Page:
16.32 PetaFlOPS and Counting

18 June 2012

The June 02012 TOP500.org list has the Sequoia supercomputer ranked number one at 16.32 petaflops.

16.32 petaflops Jun 02012 (1.55x in 0.5 year; 55% increase)
10.51 petaflops Nov 02011 (10.2x in 3.5 years; 942% increase)
……………………………………………………….
1.026 petaflops Jun 02008 ( 7.5x in 3 years; 650% increase)
0.1368 petaflops Jun 02005 (i.e. 136.8 teraflops)
……………………………………………………….
teraflops 01996; gigaflops 01985; megaflops 01964

18 June 02012 (Monday):

Intel on Monday introduced a high-performance chip family called Xeon Phi, which provides a stepping stone for the company to reach the milestone of creating an exaflop computer by 2018.

The computing roadmap predicts exascale computing by 02018-02020. Intel’s Xeon Phi announcement makes it appear that the current computing roadmap will be accurate. It is possible we will have exascale computing before the end of the current decade.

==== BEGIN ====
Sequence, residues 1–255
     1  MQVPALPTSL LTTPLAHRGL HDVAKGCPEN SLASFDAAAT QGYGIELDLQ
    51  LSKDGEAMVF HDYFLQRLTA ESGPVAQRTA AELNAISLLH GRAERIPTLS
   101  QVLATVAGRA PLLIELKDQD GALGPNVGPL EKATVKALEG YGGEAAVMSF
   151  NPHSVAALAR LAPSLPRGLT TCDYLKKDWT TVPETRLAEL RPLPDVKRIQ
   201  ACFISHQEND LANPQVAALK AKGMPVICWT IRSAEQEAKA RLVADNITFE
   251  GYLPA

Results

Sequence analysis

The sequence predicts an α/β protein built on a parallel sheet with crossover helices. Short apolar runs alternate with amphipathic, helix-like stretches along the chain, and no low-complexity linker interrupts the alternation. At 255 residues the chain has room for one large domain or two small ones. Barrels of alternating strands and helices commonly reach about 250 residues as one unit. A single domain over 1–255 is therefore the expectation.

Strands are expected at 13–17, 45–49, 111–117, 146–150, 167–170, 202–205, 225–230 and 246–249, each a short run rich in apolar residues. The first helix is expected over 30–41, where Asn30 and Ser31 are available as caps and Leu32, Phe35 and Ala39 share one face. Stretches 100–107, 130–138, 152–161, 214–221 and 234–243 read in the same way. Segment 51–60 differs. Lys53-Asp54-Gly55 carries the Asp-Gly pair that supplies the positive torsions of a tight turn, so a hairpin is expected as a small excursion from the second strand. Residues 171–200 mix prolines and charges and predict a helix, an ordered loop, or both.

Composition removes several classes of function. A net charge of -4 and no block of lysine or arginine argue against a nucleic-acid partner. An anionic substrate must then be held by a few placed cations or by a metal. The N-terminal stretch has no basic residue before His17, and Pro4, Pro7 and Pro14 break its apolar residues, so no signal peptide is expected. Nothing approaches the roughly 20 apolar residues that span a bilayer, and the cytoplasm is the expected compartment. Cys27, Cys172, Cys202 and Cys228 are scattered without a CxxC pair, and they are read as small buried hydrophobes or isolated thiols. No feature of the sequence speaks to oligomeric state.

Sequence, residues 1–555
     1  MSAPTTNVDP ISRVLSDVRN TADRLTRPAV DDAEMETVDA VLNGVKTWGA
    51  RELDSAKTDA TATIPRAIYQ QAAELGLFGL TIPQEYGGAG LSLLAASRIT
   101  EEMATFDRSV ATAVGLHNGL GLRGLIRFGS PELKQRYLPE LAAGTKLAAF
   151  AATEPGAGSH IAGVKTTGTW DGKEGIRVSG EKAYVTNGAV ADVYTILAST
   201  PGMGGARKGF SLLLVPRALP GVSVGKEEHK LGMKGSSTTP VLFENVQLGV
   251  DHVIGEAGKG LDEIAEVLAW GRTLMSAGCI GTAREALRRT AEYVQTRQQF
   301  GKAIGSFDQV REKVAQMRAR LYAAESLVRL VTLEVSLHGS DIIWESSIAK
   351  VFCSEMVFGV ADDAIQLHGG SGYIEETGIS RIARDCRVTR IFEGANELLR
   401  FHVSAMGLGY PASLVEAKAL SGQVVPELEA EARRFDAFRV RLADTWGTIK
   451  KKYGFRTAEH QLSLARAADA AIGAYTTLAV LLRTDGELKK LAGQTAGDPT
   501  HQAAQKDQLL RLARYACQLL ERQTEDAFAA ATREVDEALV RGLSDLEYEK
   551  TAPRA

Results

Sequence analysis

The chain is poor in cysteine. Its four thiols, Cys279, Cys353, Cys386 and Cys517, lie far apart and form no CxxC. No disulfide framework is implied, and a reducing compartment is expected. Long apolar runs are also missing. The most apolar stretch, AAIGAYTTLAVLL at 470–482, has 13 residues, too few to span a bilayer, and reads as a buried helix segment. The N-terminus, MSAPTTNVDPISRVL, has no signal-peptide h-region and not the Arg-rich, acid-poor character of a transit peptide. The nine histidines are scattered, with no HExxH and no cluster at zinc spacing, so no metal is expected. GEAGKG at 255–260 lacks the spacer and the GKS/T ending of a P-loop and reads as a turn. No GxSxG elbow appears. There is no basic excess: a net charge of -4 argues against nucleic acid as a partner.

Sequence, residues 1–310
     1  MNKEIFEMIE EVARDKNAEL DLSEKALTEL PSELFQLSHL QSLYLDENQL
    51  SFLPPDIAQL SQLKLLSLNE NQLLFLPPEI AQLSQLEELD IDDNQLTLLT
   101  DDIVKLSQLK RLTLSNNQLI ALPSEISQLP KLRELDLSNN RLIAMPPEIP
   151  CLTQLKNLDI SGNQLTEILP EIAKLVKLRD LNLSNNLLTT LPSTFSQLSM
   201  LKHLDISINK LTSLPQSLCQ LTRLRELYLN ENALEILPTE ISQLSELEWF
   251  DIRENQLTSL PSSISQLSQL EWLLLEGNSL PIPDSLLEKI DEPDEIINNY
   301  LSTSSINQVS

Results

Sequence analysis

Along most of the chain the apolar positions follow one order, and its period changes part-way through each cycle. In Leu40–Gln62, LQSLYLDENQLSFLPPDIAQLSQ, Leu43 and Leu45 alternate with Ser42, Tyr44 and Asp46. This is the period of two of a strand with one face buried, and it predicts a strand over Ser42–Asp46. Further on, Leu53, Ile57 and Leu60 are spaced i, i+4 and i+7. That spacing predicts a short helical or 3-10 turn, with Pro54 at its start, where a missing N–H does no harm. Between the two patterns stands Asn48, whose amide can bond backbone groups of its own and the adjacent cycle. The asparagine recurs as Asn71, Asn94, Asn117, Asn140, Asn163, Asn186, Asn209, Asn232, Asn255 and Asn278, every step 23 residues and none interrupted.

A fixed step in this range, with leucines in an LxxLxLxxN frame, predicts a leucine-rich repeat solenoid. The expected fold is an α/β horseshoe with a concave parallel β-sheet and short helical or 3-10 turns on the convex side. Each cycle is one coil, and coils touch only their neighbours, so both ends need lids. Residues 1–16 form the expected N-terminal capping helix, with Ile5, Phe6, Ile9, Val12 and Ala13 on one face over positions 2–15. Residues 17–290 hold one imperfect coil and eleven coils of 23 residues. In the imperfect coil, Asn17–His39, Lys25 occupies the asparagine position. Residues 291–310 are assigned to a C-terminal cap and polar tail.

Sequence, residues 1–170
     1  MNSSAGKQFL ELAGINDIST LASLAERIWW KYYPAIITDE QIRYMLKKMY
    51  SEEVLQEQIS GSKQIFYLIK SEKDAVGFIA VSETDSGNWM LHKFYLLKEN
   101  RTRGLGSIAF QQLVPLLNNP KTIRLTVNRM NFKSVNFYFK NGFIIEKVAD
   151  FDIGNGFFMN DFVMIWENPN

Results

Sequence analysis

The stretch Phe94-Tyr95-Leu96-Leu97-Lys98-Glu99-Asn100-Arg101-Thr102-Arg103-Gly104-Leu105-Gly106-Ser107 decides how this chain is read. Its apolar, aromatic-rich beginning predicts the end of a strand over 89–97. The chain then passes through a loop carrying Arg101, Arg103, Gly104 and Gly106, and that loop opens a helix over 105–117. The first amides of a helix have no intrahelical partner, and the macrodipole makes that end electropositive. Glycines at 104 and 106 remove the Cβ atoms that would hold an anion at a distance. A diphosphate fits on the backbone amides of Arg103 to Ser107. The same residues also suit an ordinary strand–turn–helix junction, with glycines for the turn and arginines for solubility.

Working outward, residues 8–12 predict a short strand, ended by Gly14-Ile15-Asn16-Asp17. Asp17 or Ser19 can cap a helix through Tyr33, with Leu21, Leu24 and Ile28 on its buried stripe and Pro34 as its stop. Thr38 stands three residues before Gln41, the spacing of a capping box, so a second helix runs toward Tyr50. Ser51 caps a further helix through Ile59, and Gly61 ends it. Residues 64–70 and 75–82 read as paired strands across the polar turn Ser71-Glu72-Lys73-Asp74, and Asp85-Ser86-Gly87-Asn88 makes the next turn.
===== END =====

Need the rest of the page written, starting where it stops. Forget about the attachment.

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Brian David Johnson Wants to Know: How can we change the future?

7 March 2012

Everybody who attended ASU’s Emerge Mashup on 3 March 02012 received a copy Intel’s book The Tomorrow Project Anthology: Conversations About the Future. Chapter One was written by Intel’s Futurist Brian David Johnson and is titled How to Change the Future.

Hmm… Johnson has come up with a great question: How can we change the future?

I liked how Brian David Johnson ended the first paragraph of chapter one.

I have always believed that everyone should be an active participant in the future. If we are all making it and we are all going live in it then why not do something about it individually.

I want to be an active participant in the future. The following was my Facebook status update on Sunday, 4 March 02012…

“I ain’t no ____” has become one of my frequently used phrases. Yesterday, I started a blog posting with “I ain’t no futurist,” but I deleted it because we’re all futurists.